Post # 1
If I live in a state that requires insurance companies to provide coverage for infertility (Massachusetts), but our insurance company is based out of another state (NC)…am I just screwed? Or am I protected as a resident of MA?
Cut and pasted from the Dr.’s website: If you’re a resident of Massachusetts, Rhode Island or Connecticut, you live in a state where insurance coverage for infertility is required by law.
According to the insurance co. rep, I am screwed. But she didn’t sound too sure, or too intelligent overall.
Post # 3
Sorry, I can’t help – I live in Canada, and so have no idea! I just wanted to send you best wishes and lots of baby dust! I have no idea where I am in my cycle right now, (agg! – should have had AF already!) so am going to get a copy of TCOYF and hopefully will be able to make heads or tails of it soon… I just found out my insurance doesn’t cover fertility drugs… eek. But at least our health system will hopefully cover all the doctors appointments, etc.
Hope you get a good answer!
Post # 4
I *think* you are covered as a resident of MA. I would definitely ask to speak to a manager at the insurance company. Some of the reps don’t have a clue and just want to get off the phone with you. In the past when I’ve gotten an answer I didn’t like (or expect) from our insurance company, I’ve called back and gotten a completely different answer from a different person.
Post # 5
I don’t live in MA but here is some information I found online:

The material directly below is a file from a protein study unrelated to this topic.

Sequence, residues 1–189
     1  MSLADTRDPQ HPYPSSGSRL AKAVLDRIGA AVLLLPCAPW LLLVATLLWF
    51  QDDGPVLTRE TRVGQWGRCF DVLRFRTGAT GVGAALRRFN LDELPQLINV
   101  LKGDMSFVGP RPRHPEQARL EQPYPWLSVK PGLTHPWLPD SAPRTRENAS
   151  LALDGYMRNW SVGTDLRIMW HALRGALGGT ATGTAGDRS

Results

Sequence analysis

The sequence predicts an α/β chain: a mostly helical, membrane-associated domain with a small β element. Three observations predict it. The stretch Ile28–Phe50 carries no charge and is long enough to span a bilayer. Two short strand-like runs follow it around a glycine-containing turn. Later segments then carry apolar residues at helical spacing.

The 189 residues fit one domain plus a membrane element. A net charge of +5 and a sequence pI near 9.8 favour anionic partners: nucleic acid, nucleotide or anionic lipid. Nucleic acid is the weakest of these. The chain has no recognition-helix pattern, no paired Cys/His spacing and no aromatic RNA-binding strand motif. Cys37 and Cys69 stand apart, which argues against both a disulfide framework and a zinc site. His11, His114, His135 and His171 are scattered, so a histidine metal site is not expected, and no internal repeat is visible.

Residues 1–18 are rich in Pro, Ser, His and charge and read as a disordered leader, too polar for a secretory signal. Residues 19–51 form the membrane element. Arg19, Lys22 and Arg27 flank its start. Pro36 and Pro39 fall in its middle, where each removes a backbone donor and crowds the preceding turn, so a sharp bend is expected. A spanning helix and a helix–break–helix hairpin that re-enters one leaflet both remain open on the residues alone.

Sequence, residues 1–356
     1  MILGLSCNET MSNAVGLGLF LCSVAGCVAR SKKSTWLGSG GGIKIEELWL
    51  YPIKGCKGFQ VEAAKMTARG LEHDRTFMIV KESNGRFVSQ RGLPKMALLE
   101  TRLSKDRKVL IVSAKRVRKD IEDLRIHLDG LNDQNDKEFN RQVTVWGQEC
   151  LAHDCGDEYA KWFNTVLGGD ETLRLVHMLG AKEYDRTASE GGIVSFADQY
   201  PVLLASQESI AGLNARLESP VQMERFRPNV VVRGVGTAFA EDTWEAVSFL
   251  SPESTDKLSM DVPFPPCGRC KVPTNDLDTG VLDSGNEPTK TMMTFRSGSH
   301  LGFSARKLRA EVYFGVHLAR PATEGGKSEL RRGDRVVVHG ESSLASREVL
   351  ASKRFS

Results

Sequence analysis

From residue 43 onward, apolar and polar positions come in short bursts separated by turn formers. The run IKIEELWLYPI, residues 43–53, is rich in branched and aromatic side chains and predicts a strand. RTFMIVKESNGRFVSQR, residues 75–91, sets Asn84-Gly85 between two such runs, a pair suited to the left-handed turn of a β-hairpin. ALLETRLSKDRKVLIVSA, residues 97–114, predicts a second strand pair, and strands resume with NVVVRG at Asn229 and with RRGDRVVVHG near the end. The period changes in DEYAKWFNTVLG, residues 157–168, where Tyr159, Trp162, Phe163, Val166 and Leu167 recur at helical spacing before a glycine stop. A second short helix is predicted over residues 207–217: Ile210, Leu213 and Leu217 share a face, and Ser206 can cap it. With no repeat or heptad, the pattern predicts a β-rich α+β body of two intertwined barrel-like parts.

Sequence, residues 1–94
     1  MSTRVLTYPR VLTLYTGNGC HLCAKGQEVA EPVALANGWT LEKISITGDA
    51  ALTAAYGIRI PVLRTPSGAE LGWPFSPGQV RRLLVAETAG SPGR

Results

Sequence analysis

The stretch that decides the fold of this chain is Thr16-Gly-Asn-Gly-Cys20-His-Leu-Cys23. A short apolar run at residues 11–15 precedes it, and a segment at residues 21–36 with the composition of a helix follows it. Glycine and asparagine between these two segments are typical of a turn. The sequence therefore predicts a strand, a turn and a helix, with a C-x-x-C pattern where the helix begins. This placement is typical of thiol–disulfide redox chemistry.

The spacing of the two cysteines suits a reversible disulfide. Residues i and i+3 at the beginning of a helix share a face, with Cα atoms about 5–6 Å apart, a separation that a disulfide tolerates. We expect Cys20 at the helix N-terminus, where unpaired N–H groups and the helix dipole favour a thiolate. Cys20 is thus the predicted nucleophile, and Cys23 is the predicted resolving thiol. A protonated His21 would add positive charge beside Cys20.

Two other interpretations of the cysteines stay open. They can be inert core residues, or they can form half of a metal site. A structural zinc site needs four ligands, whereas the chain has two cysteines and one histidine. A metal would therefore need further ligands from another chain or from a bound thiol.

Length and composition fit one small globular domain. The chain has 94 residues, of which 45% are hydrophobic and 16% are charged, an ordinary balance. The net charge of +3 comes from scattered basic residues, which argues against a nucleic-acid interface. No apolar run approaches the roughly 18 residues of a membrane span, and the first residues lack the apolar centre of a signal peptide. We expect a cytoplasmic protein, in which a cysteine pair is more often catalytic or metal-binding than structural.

Do you have insurance through your employer? If so, I would contact HR.
Massachusetts Infertility Insurance – Who Is Covered
The Massachusetts infertility law covers employers of all sizes – unlike in other states. The key consideration is whether your insurance plan provides pregnancy benefits. Confirm coverage with your employer before beginning infertility treatments.
Consider using supplemental infertility insurance coverage to fund your maternity leave, and protect your income in case of complications, and/or premature birth.
Who is Not Covered
The Massachusetts infertility insurance rules have many exceptions once you take a closer look.
The law can only be enforced when the Massachusetts has jurisdiction to regulate. If your employer is headquartered in another state, your health plan may not be subject to this mandate.
The law regulates health insurance companies, not employers. If you work for a large employer that self insures, you may not be covered. Check with your HR department before undergoing infertility treatments.
Some Massachusetts insurance companies deny infertility coverage if the female partner smokes, not providing coverage unless the woman undergoes a smoking cessation program, followed by a urine test to detect nicotine in the body.
Post # 6
I live in MA also and have heard that many of these companies have some sort of supplemental insurance or policies to cover fertility treatments. Have you looked at the boston.com TTC message boards? They are very active with women dealing with this sort of thing and I’ve seen at least one thread devoted to this topic. Good luck!
Post # 7